Business Matters is a daily column that offers insight, analysis and opinion on the day's news.

-- Continuing its series on executive Q&As on the topic of ad-supported music, Music Ally talks to We7's Steve Purdham. While Purdham's views are already a matter of public record - he may have topped the industry this year in number of times quoted and number of op-eds written - this is worth reading for its insight into the economics of streaming. He calls the freemium model "an incredible dream." He thinks We7 will be profitable near the end of 2010. He calls Spotify "disingenuous" for limiting its advertising right now, since it will eventually have to insert more advertisements (and change its user experience). And he says We7 gets 3.6 advertising opportunities per song. (Music Ally)

-- Consumer protection groups are speaking out against the proposed Ticketmaster-Live Nation merger. The National Consumers League is against the merger in spite of anticipated concessions made by the companies, such as the sale of some assets to ease regulars' worries. "Were this merger to be allowed to proceed," said the NCL's executive director, "it would kill even the modicum of competition that currently exists between the two companies." The Consumer Federation of America warned against "fewer choices and higher prices that would result from this merger." Then again, ticket prices have steadily increased with the competition that currently exists in the marketplace. Primary tickets cost more for many reasons, but the fact is today's ticket prices better reflect how consumers value the concerts. Companies should not be stopped from extracting existing value. On the other hand, the rise of the secondary market has caused the final prices paid by actual attendees to increase, too. Consumer protection groups were fairly quiet as states relaxed laws prohibiting scalping. Those changes paved the way for today's secondary market and higher prices for consumers. So, one has to wonder if these groups are truly against higher prices for consumers or if they would oppose any merger regardless of its benefits or drawbacks. (Ticket News)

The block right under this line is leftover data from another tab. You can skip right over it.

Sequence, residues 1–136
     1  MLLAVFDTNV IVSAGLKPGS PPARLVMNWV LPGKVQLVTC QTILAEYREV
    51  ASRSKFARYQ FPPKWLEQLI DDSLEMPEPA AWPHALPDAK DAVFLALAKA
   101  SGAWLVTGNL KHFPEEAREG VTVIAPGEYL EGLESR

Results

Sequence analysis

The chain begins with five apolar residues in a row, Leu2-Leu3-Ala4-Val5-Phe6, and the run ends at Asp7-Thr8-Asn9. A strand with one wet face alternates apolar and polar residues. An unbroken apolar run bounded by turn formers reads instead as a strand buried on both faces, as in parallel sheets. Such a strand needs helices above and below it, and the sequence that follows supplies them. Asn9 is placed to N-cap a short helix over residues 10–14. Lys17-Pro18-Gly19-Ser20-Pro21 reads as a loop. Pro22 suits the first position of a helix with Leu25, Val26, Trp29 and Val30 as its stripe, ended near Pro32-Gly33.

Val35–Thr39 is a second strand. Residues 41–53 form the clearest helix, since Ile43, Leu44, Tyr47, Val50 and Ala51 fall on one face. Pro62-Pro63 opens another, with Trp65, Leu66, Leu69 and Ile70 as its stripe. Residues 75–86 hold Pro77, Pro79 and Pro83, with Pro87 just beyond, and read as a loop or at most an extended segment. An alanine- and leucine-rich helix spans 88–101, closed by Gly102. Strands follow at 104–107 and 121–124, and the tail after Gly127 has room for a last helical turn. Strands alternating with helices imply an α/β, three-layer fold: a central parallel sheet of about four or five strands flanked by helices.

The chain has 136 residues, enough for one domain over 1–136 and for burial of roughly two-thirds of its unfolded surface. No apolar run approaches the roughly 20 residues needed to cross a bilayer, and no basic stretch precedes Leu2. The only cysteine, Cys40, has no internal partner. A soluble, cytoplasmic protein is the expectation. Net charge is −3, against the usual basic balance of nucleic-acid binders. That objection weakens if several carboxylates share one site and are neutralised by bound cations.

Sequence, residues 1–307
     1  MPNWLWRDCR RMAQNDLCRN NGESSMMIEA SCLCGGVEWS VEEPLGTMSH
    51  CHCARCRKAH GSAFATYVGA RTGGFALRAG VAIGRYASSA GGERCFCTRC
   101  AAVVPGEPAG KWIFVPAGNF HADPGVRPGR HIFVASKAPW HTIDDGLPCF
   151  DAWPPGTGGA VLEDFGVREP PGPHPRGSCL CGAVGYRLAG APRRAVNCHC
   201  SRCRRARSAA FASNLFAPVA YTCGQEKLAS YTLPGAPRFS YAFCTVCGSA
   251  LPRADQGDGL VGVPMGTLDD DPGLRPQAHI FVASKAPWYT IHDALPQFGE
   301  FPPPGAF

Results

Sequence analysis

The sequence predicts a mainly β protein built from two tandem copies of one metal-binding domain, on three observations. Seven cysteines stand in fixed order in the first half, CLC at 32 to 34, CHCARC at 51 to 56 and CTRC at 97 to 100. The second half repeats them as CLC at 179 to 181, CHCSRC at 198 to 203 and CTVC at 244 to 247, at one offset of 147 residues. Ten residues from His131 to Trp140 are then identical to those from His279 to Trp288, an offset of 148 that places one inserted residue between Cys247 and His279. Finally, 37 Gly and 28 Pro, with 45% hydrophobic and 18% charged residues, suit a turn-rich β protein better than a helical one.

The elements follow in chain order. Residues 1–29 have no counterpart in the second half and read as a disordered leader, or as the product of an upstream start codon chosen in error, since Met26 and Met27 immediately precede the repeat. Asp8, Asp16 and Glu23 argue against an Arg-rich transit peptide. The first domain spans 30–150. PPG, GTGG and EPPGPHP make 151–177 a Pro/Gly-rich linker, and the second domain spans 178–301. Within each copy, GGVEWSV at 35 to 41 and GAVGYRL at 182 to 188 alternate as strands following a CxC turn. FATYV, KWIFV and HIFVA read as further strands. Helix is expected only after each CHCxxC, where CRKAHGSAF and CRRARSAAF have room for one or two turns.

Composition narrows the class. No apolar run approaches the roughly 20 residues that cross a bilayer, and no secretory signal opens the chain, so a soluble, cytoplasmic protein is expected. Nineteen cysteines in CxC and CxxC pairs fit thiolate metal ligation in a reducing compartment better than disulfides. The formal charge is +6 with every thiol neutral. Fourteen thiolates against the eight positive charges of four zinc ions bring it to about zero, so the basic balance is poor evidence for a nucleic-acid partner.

-- Are there lessons for the music industry in Comcast's purchase of NBC Universal on Thursday? If anything, it goes to show threatened industries will take bold steps to survive. Record labels are no less threatened than Comcast by technological changes. And they will seek stability through mergers and acquisitions just as Comcast has done here.

In this case, content may not improve a cable company's position. Media companies aspire to find game-changing synergies, but they don't always materialize. After Time Warner Cable was spun off from Time Warner Inc. earlier this year, Time Warner Cable CEO Glenn Britt said "there were really no operational synergies." And Liberty Media chairman John Malone said today, "What's curious is that the same year Time Warner decides being vertical doesn't make any sense, Brian (Roberts, Comcast's CEO) decides that it does."

Henry Blodget of Silicon Alley Insider says the purchase is a hedge against both rising carriage costs and "the gradual conversion of cable into dumb pipes that just deliver Internet access and IP-video." But as the Wall Street Journal's Matt Phillips pointed out, it is unclear if the strategy will pay off. "Anyone remember AOL Time Warner?" he asked. The merger of AOL and Time Warner, which came at the time "convergence" was a popular goal for media companies, greatly reduced shareholder value and is considered one of the great failed mergers in recent memory.

With this acquisition, convergence is popular once again. But will a media company give Comcast a competitive advantage? A passage from the excellent book "The Curse of the Mogul" is fitting here, for it applies to this and other mergers and acquisitions in the entertainment business: "...the winners will be those who focus on efficient operations and the losers will be those who chase high-priced acquisitions - Internet or otherwise - on the theory that the 'solution' to their problem is to buy growth in the form of higher-growth businesses with questionable synergies."

Follow Billboard senior analyst Glenn Peoples on Twitter at